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Sariska’s first tiger couple has a past

Big cats come with baggage. Before their fate brought them together to a new home in Sariska, the young animals had formed a pair, reports Jay Mazoomdaar.
None | By Jay Mazoomdaar, Sariska
UPDATED ON JUL 07, 2008 02:19 AM IST

Big cats come with baggage. Before their fate brought them together to a new home in Sariska, the young animals had formed a pair. Many in Ranthambhore spotted the Lakrda female mating with a robust collared tiger not far from Malik Talao – the same picturesque water body that made her mother famous as the Lady of the Lake – days before she was moved to Sariska.

While some mistook the tiger for the Kachida male –one of Ranthambhore’s many collared tigers – the bulkier frame was a giveaway. The Lakrda female’s partner was none other than the T10 male, say forest sources, the tiger that preceded her to Sariska on June 28.

Early days still, but Sariska’s first tigress just might be carrying her first litter from her old home. If she shows signs of pregnancy now and goes on to deliver, Sariska might have a second generation of tigers much earlier than expected.

Usually a tigress takes 90-110 days from conception to delivery and the pregnancy becomes apparent by the sixth week. Signs of conception include consumption of grass for folic acid, shrinking habitat and search for safe hideouts. However, both animals being relatively young, the Lakrda female might not get lucky this time. Big cats show high rate of conception when the partners involved are older than five years.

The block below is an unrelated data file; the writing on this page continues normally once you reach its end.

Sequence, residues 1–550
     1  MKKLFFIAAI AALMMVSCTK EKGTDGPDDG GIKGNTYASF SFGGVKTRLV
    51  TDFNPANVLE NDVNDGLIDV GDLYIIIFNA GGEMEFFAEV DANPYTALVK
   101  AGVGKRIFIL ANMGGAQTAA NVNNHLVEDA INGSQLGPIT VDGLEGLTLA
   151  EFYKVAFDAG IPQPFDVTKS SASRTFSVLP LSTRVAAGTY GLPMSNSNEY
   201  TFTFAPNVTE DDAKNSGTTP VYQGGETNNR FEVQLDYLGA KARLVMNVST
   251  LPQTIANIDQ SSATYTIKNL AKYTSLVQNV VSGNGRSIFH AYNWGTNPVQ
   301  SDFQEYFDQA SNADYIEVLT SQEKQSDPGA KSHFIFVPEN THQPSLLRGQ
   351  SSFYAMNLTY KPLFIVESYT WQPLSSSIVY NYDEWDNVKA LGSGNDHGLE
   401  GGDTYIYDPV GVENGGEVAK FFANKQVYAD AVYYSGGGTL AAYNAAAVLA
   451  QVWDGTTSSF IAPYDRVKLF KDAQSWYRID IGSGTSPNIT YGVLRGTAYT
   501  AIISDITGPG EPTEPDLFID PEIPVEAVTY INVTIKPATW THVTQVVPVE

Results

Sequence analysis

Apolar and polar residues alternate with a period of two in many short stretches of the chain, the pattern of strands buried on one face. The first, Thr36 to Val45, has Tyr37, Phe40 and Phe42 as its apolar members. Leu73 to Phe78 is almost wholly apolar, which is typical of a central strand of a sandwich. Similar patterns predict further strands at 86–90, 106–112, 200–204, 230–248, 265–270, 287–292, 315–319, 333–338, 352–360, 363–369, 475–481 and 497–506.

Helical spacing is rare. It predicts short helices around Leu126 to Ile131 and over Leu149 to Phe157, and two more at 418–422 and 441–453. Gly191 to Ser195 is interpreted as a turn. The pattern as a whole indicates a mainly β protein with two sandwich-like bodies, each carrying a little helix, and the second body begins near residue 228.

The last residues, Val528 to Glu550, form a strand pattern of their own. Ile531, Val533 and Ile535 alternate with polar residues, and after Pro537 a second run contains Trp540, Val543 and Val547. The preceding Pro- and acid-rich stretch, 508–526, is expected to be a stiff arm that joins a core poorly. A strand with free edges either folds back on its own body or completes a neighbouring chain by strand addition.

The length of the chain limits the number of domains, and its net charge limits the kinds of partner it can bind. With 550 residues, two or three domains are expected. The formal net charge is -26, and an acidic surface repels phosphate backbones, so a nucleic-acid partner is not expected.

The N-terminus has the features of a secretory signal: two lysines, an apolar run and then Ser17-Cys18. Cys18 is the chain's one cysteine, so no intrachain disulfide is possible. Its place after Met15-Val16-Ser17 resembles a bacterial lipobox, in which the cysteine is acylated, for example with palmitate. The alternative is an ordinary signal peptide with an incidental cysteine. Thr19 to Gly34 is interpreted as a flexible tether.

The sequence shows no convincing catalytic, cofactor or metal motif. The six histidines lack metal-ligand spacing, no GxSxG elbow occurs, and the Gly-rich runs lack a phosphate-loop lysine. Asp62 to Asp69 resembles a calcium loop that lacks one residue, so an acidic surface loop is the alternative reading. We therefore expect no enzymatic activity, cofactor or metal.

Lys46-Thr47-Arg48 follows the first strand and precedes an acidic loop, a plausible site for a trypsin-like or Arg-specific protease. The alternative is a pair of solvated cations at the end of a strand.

But if the Lakrda female was indeed with the Kachida male, her possible conception may not be good news after all. For male cats don't tolerate cubs of other males. This typical male reaction is triggered by the fact that after conception, a tigress doesn’t mate till her cubs grow up, making herself out of bound for about two years. Though a male tiger show patience with his own cubs, his natural tendency is to kill the young ones of other males so that the tigresses concerned are available again. Tigresses do try to defend their cubs against new males, but, typically, the young ones are safe only when they grow up in their father's territory. Every time the father male loses his territory to a rival male, the cubs are killed.

But there is hope even in such a scenario. Tigresses of exceptional craftiness are known for fooling their male counterparts. The Lakrda female's mother, the venerable Lady of the Lake, tricked many tigers and other adversaries to successfully raise nine tigers in four litters. To protect her first litter in a similar situation, she had been reported to have faked a false estrus to fool a male tiger and saved her cubs. If the daughter can show half the skills, she will anyway have the T10 believe he is responsible for her litter.

Mazoomdaar is an independent journalist

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